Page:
The solution RMS errors are computed from the same component differences. Figure 13 shows the daily RMS statistics for the radial (left), cross-track (middle), and in-track (right). The GRAPHIC solution error RMS is markedly smaller than the code-only solution by more than a factor of two for all components. Table 8 contains the overall mean and standard deviation of the daily statistics of the code-only and GRAPHIC errors. The GRAPHIC method performs significantly better than the code-only method with an average 3D RMS error of 3.1 ± 0.4 cm with an overall factor of three improvement when compared to the code-only solution errors at 9.3 ± 3.0 cm. Relating these errors back to the overlap statistics for each method, we can see that the average code-only overlap RMS values are consistent with the overall error RMS, but that for GRAPHIC, the overlap RMS statistics are optimistic by about a factor of two. Overall, the GRAPHIC method shows much better performance than the code-only method with a smaller in-track bias and reduced errors in all three components.

### 3.4 Code-Only and GRAPHIC Comparison

In the absence of dual-frequency measurements or other independent metrics to evaluate the CYGNSS single-frequency orbit accuracy, we leverage the GRACE results to understand the errors in the CYGNSS POD. We can conclude from the internal metrics that the GRAPHIC solution is more precise, and, from the GRACE external orbit comparison, that errors are smaller in all three components when compared to the code-only solution. While these conclusions are useful, they do not provide a way to directly quantify the size of the CYGNSS GRAPHIC orbit errors except to say that the GRAPHIC overlap metrics are optimistic and place a lower bound on the errors.

An additional way to quantify the uncertainty in the GRAPHIC solution is to compare it directly to the code-only solution. Figure 14 shows a comparison of the statistics for the component differences in the GRACE code-only and GRAPHIC solutions along with the associated errors. The solution differences are dominated by the code-only errors and can be used to place an upper bound on the GRAPHIC errors. For GRACE, the optimistic lower bound derived from GRAPHIC overlaps, combined with the pessimistic upper bound from the orbit solution differences between code-only and GRAPHIC solutions, produces a range of possible GRAPHIC orbit errors between 0.5–2.3 cm for radial, 0.5–3.0 cm for cross-track, and 1.2–8.4 cm for in-track. This is in good agreement with the actual GRACE GRAPHIC errors of 0.9 ± 0.13 cm for radial, 1.1 ± 0.14 for cross-track, and 2.5 ± 0.35 for in-track, derived from comparisons with dual-frequency reference orbits. The same comparison between the code-only and GRAPHIC solutions, but for CYGNSS, is shown in Figure 15. Here, the component differences for CYGNSS are much larger than those seen for GRACE. It is also notable that the component with the largest mean RMS is the cross-track, resulting in a more than 30-cm difference. A summary of the mean and standard deviation of the daily bias and RMS statistics is shown in Table 9. Once again, we can use the GRAPHIC overlap statistics from Table 7 to approximate the CYGNSS GRAPHIC solution lower error bound and the code-only and GRAPHIC solution differences from Table 9 for the upper error bound. This produces a potential error range for the CYGNSS GRAPHIC orbits of 1.4–5.3 cm for radial, 1.2–31 cm for cross-track, and 3.0-15 cm for in-track.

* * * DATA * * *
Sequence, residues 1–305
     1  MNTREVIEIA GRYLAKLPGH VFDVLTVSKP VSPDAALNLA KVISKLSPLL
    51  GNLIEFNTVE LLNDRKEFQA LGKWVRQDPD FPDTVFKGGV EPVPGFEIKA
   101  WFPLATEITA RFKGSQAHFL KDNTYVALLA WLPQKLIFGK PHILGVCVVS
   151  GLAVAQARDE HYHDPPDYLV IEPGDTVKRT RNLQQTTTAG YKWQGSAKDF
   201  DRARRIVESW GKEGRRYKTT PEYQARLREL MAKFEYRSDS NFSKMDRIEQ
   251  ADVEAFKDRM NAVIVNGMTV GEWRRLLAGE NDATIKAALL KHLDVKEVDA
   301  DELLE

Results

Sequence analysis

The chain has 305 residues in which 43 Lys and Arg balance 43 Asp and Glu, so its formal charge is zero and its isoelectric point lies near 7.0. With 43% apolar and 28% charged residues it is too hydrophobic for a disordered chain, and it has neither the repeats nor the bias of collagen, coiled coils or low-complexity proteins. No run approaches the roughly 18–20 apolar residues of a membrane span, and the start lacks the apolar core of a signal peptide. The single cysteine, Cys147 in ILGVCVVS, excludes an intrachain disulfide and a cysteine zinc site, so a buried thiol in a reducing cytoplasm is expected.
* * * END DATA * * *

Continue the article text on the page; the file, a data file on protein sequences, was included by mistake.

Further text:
It is interesting to observe that the cross-track differences between the CYGNSS GRAPHIC and code-only solutions are consistent with a very small inclination change. The cross-track difference has a frequency of once-per-orbit with a relatively constant amplitude, and the largest difference occurs at the highest/lowest latitude of the CYGNSS orbit. These differences persist in dynamic-only orbit solutions with and without any cross-track empirical accelerations. This implies a persistent signal difference between the pseudorange and GRAPHIC observable which would indicate either an ionosphere-related signal, or some behavior related to the GPS transmitter DCBs, transmitter antenna calibration maps, or clock solutions. To test the theory that the code-only solution is the one that contains the error, a single day of Sentinel-6 MF is examined. It is in a roughly circular orbit at an altitude of 1,336 kilometers with an inclination of 66 degrees. Figure 16 shows a time history comparison of the CYGNSS cross-track GRAPHIC and code-only differences (left) and Sentinel-6 MF cross-track differences for a GRAPHIC and code-only solution relative to the dual-frequency solution. Here, we see a similar pattern in the Sentinel-6 MF code-only cross-track differences with a once-per-orbit variability indicating that large differences observed for CYGNSS are a result of errors in the code-only solutions.